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5 of 8 people found the following review helpful
5.0 out of 5 stars variation is the premium
I have read Ashbery's first books, such as: Some Trees, and The Double Dream of Spring, Houseboat Days, and also much of the Selected Poems, and I think this latest book, Chinese Whispers, is comparable to his best work.
As I read Chinese Whispers, and then reread it, I found how it is similar to the variation found in an anthology. The Best American Poetry 2003...
Published on October 26, 2003 by volodya88

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7 of 16 people found the following review helpful
3.0 out of 5 stars Downhill Still
The mild decline of a great talent continues. Johnny hasn't been on point since Wakefulness, but we can thank somebody that this collection, however mediocre, still easily trumps the ghastly "...Rain". Please--I adore Ashbery, so no hot-dung tossing. There are some great pieces in this latest: "Little Sick Poem", "Half-Kiss'd", the second...
Published on November 2, 2002 by Grey


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5 of 8 people found the following review helpful
5.0 out of 5 stars variation is the premium, October 26, 2003
This review is from: Chinese Whispers: Poems (Hardcover)
I have read Ashbery's first books, such as: Some Trees, and The Double Dream of Spring, Houseboat Days, and also much of the Selected Poems, and I think this latest book, Chinese Whispers, is comparable to his best work.
As I read Chinese Whispers, and then reread it, I found how it is similar to the variation found in an anthology. The Best American Poetry 2003 contains all kinds of forms and tones, etc. and Ashbery, in C. W. takes on this kind of task, the task of not settling in a rhythm, to keep moving. Even toward the winter of his career, Ashbery is still searching; he seems to still be searching like a beginning poet, yet a new poet with a strong voice.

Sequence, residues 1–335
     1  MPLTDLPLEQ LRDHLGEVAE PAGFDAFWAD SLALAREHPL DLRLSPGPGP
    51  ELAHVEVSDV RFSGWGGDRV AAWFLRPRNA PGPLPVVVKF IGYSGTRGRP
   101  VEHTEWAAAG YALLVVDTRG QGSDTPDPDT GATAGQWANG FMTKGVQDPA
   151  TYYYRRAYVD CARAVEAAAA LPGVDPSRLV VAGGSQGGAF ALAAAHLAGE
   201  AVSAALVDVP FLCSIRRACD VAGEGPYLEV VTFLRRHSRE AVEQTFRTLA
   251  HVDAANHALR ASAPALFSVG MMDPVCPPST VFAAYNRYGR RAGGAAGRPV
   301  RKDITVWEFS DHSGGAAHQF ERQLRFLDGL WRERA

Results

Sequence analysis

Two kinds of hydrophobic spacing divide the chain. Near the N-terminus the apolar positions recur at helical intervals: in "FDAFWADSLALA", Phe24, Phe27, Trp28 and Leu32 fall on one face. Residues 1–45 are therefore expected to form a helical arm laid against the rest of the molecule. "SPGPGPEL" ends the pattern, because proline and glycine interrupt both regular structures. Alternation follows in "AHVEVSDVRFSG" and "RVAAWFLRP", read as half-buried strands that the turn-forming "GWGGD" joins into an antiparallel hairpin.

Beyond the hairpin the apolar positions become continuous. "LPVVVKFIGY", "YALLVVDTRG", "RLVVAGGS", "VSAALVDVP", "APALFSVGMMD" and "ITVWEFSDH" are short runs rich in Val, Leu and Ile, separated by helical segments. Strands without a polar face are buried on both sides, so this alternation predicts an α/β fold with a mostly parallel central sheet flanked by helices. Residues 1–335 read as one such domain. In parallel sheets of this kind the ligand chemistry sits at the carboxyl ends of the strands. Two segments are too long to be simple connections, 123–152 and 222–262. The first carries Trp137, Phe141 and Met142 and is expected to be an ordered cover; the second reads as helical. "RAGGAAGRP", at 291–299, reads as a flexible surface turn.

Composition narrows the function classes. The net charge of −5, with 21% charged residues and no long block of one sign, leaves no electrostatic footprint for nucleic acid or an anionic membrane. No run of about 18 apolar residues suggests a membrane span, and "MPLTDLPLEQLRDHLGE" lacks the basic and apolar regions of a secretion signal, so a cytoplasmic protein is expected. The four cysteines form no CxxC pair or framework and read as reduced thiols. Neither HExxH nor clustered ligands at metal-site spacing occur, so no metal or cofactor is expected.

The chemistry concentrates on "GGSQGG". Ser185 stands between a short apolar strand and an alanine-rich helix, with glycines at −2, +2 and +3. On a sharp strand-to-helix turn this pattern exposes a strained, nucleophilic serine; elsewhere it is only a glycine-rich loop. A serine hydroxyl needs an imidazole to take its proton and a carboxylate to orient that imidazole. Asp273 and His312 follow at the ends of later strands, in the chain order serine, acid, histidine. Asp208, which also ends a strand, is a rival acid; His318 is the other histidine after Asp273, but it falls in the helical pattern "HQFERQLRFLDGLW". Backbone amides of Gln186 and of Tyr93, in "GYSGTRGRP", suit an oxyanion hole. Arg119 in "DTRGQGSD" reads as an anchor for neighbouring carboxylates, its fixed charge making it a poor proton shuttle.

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7 of 16 people found the following review helpful
3.0 out of 5 stars Downhill Still, November 2, 2002
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This review is from: Chinese Whispers: Poems (Hardcover)
The mild decline of a great talent continues. Johnny hasn't been on point since Wakefulness, but we can thank somebody that this collection, however mediocre, still easily trumps the ghastly "...Rain". Please--I adore Ashbery, so no hot-dung tossing. There are some great pieces in this latest: "Little Sick Poem", "Half-Kiss'd", the second to last poem whose title escapes me...
...go to the library, but don't buy the thing unless you're compiling a comprehensive collection. A lot of blubber, filler.
I'd give it 2.5 stars, if I could--the last half gold.
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4 of 25 people found the following review helpful
1.0 out of 5 stars A tragedy and a travesty, wrapped in black and yellow, November 25, 2004
This review is from: Chinese Whispers: Poems (Hardcover)
Before reading this glittering failure, I desperately feared for the future of poetry in this country; but seeing as nothing could possibly be worse than this, my fears are suddenly abated. Dear post-post-modern reader, brace yourself for the eloquent, rightfully loaded death sentence of the New York School of American poetry (now at least we have a perfectly valid excuse to plan its funeral and move on to new and better things!). At best, this centerless literary labyrinth, alive with heartless, overwrought, sharp-toothed little imps, represents a disgracefully grandiose attempt to self-promote and to further beat the already beaten-to-death poetics of the abstract expressionists, for the sole benefit of the American, eurocentric, cigar-smoking literati and its smug conformist aplomb. This is writing for the sake of seeming clever (much like this arguably unfair review), but it is taken to the most obnoxious level possible, with highly referential super-high brow humor, tensionless line breaks, tricky word riddles that seem to smirk snobbishly at you as you read; and, worst of all, there is a profound absence of emotional impact. The prose pieces are only slightly more readable. In fact, the best thing about this book is the cover, a storm of sharp, yellow ,leaf-like forms ripping into a black background - very cool. Anyway, back to the heart of the matter; if you have money to burn, don't waste it on this. Go buy a pack of gum and an issue of Hustler instead. If you're an Ashbery fan, plunge into the beautifully weird cover art and think fondly of his past work, but don't dare open the book...bad idea.
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Chinese Whispers: Poems
Chinese Whispers: Poems by John Ashbery (Hardcover - October 22, 2002)
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